Liveness and readiness probes tell Kubernetes whether a pod is running and ready to do some work. An enterprise application can probe the status of an application via HTTP. If no HTTP endpoint is exposed, Kubernetes can also probe by executing commands.
WildFly ships with the useful
jboss-cli.sh. This CLI retrieves information about the server and deployment states as follows:
$> ./jboss-cli.sh --connect --commands="ls" [...] process-type=Server product-name=WildFly Full product-version=11.0.0.Final [...] server-state=running suspend-state=RUNNING uuid=c52658a9-ca39-4548-9879-162cd6e14d93
We can combine a shell command to check for running servers:
./jboss-cli.sh --connect --commands=ls | grep "server-state=running"
A similar command gives us the deployed applications:
$> ./jboss-cli.sh --connect --commands="ls deployment" hello.war
We compose a shell command again to check whether our application has been deployed successfully:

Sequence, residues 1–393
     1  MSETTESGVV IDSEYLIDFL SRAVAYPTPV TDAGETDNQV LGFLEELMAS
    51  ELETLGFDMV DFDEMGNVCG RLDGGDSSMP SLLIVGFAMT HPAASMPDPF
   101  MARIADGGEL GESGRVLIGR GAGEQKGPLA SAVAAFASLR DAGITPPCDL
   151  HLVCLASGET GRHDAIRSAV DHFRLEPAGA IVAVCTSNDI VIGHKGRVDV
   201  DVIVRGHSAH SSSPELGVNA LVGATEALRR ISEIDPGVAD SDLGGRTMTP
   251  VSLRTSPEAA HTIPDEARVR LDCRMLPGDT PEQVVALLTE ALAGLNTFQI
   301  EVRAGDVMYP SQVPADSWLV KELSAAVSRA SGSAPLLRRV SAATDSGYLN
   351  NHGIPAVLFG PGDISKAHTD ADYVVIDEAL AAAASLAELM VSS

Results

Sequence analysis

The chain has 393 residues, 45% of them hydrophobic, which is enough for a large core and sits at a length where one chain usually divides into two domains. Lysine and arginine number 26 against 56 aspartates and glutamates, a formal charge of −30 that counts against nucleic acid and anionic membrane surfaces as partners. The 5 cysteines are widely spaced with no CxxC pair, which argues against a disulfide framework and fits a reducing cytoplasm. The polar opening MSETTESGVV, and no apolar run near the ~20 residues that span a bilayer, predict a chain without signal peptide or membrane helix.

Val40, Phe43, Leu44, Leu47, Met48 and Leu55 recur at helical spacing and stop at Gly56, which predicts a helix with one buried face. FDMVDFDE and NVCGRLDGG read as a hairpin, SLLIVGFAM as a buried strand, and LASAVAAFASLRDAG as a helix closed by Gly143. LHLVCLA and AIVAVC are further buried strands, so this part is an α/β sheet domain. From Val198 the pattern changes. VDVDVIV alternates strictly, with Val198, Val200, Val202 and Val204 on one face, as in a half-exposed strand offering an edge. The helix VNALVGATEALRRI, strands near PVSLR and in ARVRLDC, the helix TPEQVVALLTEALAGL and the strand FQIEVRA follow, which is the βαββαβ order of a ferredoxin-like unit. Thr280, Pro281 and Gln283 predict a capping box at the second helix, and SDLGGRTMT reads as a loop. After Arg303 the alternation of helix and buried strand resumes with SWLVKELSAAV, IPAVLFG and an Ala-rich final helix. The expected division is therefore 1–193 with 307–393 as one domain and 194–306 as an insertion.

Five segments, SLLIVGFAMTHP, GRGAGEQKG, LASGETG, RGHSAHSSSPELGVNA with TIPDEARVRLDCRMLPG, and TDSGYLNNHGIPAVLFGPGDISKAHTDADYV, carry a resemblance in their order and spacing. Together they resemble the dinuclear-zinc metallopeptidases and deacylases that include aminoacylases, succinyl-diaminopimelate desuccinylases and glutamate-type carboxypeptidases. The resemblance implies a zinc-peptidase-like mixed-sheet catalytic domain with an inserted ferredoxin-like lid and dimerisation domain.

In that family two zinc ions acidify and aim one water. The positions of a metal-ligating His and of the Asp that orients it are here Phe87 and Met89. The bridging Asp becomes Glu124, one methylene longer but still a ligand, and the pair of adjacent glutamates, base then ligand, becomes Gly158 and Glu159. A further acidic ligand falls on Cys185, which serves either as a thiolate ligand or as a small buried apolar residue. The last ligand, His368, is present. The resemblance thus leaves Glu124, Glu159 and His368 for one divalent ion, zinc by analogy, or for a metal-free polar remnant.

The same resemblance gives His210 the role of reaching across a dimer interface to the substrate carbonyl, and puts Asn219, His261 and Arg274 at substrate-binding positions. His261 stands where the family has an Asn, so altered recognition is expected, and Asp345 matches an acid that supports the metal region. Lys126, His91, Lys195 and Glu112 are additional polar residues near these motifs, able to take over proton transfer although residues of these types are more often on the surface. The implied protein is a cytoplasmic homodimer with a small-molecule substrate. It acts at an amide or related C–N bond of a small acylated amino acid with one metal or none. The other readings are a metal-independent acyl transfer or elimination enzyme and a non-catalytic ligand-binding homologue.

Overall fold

./jboss-cli.sh --connect --commands="ls deployment" | grep "hello.war"
Now let’s insert these commands into the YAML descriptor:
... containers: - name: hello-joker image: docker.example.com/hello:1 imagePullPolicy: IfNotPresent livenessProbe: exec: command: - /bin/sh - -c - /opt/jboss/wildfly/bin/jboss-cli.sh --connect --commands=ls | grep 'server-state=running' readinessProbe: exec: command: - /bin/sh - -c - /opt/jboss/wildfly/bin/jboss-cli.sh --connect --commands='ls deployment' | grep 'hello.war' ...
If your application emits status or “ping” resources, the easier way is to probe the pod via HTTP as shown in this post.
Happy application probing!